Black history comes to life in new Oakland art exhibit

Oakland’s Art and Heritage Center will host African American art, history exhibit through end of March

OAKLAND, Fla. – One west Orange County city is getting results for Black History Month with an exhibit that highlights local contributions to African American history.

Officials with Oakland’s Art and Heritage Center said black history is everywhere in the city and they’ll be be telling some familiar stories—and others for the very first time— at the exhibit that opens Thursday.

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One story comes from artist Kathleen Bell, who is one of the many featured in this “Honoring Black History” exhibit.

Bell said the pottery collection she is displaying tells stories of the past when African Americans worked in the fields wanting a better life.

Under each cup, bowl and plate are etched messages, hoping to inspire and motivate.

“The vessels are drinking cups and bowls and plates, asking the creator to fill us with his seeds and the water that he supplies,” Bell said.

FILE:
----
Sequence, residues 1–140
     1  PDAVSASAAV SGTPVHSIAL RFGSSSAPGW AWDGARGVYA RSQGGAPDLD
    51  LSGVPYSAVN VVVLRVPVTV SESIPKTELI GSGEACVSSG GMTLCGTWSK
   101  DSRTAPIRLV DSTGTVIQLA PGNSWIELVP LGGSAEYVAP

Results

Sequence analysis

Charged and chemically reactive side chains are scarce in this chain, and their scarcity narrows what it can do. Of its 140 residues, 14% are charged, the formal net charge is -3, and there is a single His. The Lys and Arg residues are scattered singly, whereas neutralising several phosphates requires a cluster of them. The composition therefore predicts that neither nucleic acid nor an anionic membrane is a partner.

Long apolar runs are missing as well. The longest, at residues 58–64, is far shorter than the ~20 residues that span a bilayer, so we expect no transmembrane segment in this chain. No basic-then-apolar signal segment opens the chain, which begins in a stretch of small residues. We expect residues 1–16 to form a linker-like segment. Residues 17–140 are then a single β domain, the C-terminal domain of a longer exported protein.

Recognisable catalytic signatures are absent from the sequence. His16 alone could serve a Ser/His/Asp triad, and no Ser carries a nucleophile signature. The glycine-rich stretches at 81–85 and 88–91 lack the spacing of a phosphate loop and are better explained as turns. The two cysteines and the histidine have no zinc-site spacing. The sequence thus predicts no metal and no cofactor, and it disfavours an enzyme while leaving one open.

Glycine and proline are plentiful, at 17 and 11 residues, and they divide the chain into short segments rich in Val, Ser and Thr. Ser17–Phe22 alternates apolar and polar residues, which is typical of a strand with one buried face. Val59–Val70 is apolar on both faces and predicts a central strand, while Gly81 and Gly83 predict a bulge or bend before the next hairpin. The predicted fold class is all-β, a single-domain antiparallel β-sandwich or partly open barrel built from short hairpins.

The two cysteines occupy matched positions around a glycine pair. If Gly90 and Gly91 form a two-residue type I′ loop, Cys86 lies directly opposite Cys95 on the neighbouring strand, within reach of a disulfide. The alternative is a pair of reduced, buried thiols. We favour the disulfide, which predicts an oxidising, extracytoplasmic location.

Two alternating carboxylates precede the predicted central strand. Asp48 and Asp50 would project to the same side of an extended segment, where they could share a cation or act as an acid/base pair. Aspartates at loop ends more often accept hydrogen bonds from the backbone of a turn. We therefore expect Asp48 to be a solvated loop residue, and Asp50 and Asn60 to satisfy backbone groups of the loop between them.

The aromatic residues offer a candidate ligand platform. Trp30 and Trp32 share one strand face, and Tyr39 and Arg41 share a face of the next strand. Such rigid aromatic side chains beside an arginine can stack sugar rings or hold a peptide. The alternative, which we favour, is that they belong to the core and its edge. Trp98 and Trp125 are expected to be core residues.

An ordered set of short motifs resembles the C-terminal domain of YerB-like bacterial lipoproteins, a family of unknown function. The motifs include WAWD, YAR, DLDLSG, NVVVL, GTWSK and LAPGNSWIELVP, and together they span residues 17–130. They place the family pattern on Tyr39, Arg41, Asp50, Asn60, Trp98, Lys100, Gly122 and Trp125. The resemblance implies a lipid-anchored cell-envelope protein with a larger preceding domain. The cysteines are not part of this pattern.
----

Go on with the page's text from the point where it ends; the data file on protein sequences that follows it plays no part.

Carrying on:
Bell’s work is joined by that of other local artists, displaying replicas of artifacts telling stories of how past African Americans used grave markers to signify a passage through water and back to Africa.

Pieces from the Florida Highwaymen, self-taught artists from the 1900s, also hang in the halls.

“They didn’t accept that they were less than and what they felt in their hearts, so that to me is the history that resonates,” Bell said.

Just down the road, efforts to preserve history continue through the work of Betty Wade, who is working to save the cemetery where her family is buried.

“We should never forget history because we do repeat if we don’t,” Wade told News 6.

One commissioner hopes these preservation efforts will shed light on stories some people might not have heard.

“We been around since the 1800s. We are just as old as Eatonville, a lot of people don’t know that... Back in the day when the town was just started, when citrus was really strong, the Black community was an integral part of that,” Commissioner Joseph McMullen said.

Bell added this is the moment for younger African Americans to reflect.

“Respect your ancestors... who paved the way. We don’t stand alone; we stand on other people’s shoulders,” Bell said.

Catch the exhibit, which will be running through the end of March, located at 126 W. Petris Avenue at the Healthy West Orange Arts and Heritage Center at the Town of Oakland.

It’s open from 11:00 a.m. to 3:00 p.m. from Wednesday to Friday.

If anyone would like to make an appointment to view this exhibit after hours, please email Elisha Pappacoda at epappacoda@oaklandfl.gov.


About the Author:

Brian Didlake joined the News 6 team as a reporter in March 2021.